Trending Topics

Coroner Rules Casey Goodson’s Death a Homicide as Police Chief Welcomes DOJ Civil Rights Investigation for ‘Transparency’

Franklin County Corner Dr. Anahi M. Ortiz ruled Casey Christopher Goodson Jr.’s death a homicide, she announced in a statement Wednesday.

Jason Meade, a Franklin County Sheriff’s deputy assigned to a U.S. Marshals Fugitive Task Force, shot and killed Goodson outside his family home in northern Columbus, Ohio, on Dec. 4.

Casey Christopher Goodson Jr., was shot and killed by an Ohio deputy outside his family home Dec. 4. (Photo: Tamala Payne/Facebook/Franklin County Sheriff’s Office)

An autopsy was performed Tuesday and Ortiz released preliminary findings from the medical examination, which show that the 23-year-old Black man died from multiple gunshot wounds to his torso, although the report did not clarify whether Goodson was shot from behind, as his family has claimed.

Authorities initially claimed Goodson brandished a gun as they gave preliminary indications that the fatal shooting was justified. Law enforcement officials say Meade, a 17-year SWAT team deputy, saw Goodson driving down the street waving a gun and followed him to his yard to confront him. It remains unclear how that confrontation led to the shooting.

Relatives of Goodson who say they witnessed the incident maintain that he was not armed. Instead, they contend he was carrying keys, a face mask and Subway sandwiches in his hands when Meade opened fire and shot him three times in the back as he unlocked the door to his family home.

Loved ones say Goodson was returning home from a dental appointment. He was licensed to carry a concealed weapon and was not the target of the U.S. Marshals fugitive manhunt near his home that day.

The Columbus Division of Police Critical Incident and Response Team is investigating the slaying. And the U.S. Department of Justice launched a concurrent federal civil rights investigation into Goodson’s death, the agency announced Tuesday.

The United States Attorney for the Southern District of Ohio will partner with the FBI for the probe to determine if any civil rights laws were violated during the deadly encounter.

“After being briefed about the circumstances surrounding the incident by CPD, I believe a federal investigation is warranted,” David M. Devillers, U.S. Attorney for the Southern District of Ohio, said in a statement.

Columbus Police Chief Thomas Quinlan, who requested the federal authorities’ help, said their independent investigation “brings all of the resources of the federal government to answer the critical civil rights questions being posed by the community.”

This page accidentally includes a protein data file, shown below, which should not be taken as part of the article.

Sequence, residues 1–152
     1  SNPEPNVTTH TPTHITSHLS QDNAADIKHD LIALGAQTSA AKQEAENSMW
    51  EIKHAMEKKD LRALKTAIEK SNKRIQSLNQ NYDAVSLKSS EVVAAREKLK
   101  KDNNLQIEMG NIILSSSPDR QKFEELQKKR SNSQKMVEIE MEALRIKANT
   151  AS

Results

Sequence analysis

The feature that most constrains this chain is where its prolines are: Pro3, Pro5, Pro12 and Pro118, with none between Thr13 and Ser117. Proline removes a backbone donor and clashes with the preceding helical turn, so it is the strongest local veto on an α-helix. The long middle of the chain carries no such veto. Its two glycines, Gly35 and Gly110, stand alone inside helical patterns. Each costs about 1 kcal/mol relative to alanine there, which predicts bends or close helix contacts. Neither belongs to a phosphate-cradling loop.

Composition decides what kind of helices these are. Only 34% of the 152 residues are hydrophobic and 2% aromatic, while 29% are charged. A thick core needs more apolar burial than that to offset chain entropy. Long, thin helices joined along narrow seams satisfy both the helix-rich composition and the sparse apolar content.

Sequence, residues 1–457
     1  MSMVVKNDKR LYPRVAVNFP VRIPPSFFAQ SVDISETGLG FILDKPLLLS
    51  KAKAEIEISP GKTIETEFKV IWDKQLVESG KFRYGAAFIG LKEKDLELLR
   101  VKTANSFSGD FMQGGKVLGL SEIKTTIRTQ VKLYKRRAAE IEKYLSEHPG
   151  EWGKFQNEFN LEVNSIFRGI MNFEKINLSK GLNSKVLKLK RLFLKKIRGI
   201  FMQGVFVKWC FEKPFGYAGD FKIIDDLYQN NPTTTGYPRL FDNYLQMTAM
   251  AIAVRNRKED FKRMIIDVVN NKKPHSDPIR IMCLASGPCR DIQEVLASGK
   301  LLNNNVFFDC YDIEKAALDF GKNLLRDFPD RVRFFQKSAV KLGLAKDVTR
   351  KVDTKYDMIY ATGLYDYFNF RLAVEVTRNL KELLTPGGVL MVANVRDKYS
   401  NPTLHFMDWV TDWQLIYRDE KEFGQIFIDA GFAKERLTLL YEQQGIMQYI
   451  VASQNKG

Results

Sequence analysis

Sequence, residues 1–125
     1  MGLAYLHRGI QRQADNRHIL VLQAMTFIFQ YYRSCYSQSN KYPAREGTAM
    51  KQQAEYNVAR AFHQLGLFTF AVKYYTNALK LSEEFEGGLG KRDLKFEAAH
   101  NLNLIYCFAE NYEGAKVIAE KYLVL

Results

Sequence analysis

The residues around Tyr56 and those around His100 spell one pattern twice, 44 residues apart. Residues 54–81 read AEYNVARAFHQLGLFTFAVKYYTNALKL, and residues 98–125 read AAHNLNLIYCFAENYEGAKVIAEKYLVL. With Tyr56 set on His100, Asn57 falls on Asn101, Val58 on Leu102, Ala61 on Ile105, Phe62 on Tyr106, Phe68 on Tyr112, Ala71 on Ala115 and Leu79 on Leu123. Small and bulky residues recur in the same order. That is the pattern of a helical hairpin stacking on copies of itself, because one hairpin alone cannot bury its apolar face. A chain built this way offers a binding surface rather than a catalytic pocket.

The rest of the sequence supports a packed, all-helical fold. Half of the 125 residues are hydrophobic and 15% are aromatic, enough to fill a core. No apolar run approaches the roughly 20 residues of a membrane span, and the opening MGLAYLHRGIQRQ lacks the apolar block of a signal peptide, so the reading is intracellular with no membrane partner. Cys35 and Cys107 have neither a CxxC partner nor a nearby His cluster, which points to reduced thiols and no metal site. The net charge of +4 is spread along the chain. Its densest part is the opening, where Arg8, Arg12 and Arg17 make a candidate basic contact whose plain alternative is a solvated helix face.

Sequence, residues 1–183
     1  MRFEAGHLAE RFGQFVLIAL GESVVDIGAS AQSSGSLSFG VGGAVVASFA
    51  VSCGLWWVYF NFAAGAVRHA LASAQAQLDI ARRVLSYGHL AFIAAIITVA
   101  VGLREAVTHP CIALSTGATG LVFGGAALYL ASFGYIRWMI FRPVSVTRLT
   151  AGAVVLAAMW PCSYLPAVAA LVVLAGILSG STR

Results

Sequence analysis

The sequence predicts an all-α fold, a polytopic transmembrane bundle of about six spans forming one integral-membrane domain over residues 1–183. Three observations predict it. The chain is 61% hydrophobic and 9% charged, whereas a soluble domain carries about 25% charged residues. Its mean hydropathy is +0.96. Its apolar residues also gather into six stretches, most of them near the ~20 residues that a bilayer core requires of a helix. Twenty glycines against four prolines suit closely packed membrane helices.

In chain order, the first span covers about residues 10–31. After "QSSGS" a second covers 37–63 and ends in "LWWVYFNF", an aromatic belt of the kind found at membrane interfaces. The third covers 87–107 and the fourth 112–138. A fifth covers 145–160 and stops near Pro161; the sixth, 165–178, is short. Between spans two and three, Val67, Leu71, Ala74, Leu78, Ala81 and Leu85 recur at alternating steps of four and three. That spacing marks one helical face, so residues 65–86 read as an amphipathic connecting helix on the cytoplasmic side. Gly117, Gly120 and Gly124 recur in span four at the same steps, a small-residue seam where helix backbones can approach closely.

“This offers the highest level of transparency and a clear path to the truth,” Quinlan added.

An investigation by local news outlet 6 On Your Side found Meade received an oral reprimand in March 2019 for “violating rules and regulations for deploying his taser on a suspect and didn’t notify his supervision or communications about the use of force.”

Additional records showed Meade received less than satisfactory marks on his 2010 performance evaluation where it was noted that he seems to be “content with only doing the bare minimum to get by.” A more recent evaluation noted he was “highly motivated”

The team from the U.S. Marshals Southern District of Ohio had just finished an unsuccessful manhunt for “violent suspects” near Goodson’s home the afternoon of Dec. 4. Goodson had no warrants and was not being sought by the unit.

The task force was wrapping up for the day when Meade reportedly saw Goodson drive by waving a gun, federal marshals are reporting. The Columbus Division of Police said there were reports of a verbal exchange.

A weapon was recovered from the scene, according to a Franklin County Sheriff’s Office statement that the cited the U.S. Marshals office. No bodycam footage from the incident is available because Franklin County sheriff’s deputies assigned to the task force aren’t outfitted with them.

CPD stressed that no officers or civilians bore witness to the shooting, in an update Wednesday.

During a Tuesday interview on the Breakfast Club, Sean Walton, a Columbus civil rights attorney retained by Goodson’s family, explained that relatives in the home heard three gunshots and saw Goodson fall into the kitchen. His keys still hung in the door.

“At that point, his 5-year-old brother started screaming, his 3-year-old cousin started screaming, and 72-year-old grandmother came into the kitchen and saw her baby on the kitchen floor in a pool of blood with Subway (sandwiches) lying next to him,” Walton said during the interview. “That’s the story, that a man was executed walking into his own home. It was not that a man was waving a gun.”

GoFundMe page set up for Goodson’s family had raised nearly $78,000 by Wednesday evening. Meanwhile, area activists have planned a protest set to step off at the Ohio State House in Columbus at noon Saturday, Dec. 12.

Neither Walton nor Goodson’s mother, Tamala Payne, could be immediately reached for comment Wednesday. Walton said there were “key details that raise cause for extreme concern” in a statement Sunday.

“We are shattered,” a tearful Payne told “The Breakfast Club.”

“Casey was my rock. He was the big brother so he helped with everything. My son was more than amazing, and he did not deserve this,” she added. “The only threat my son was was being a Black man in America.”

Back to top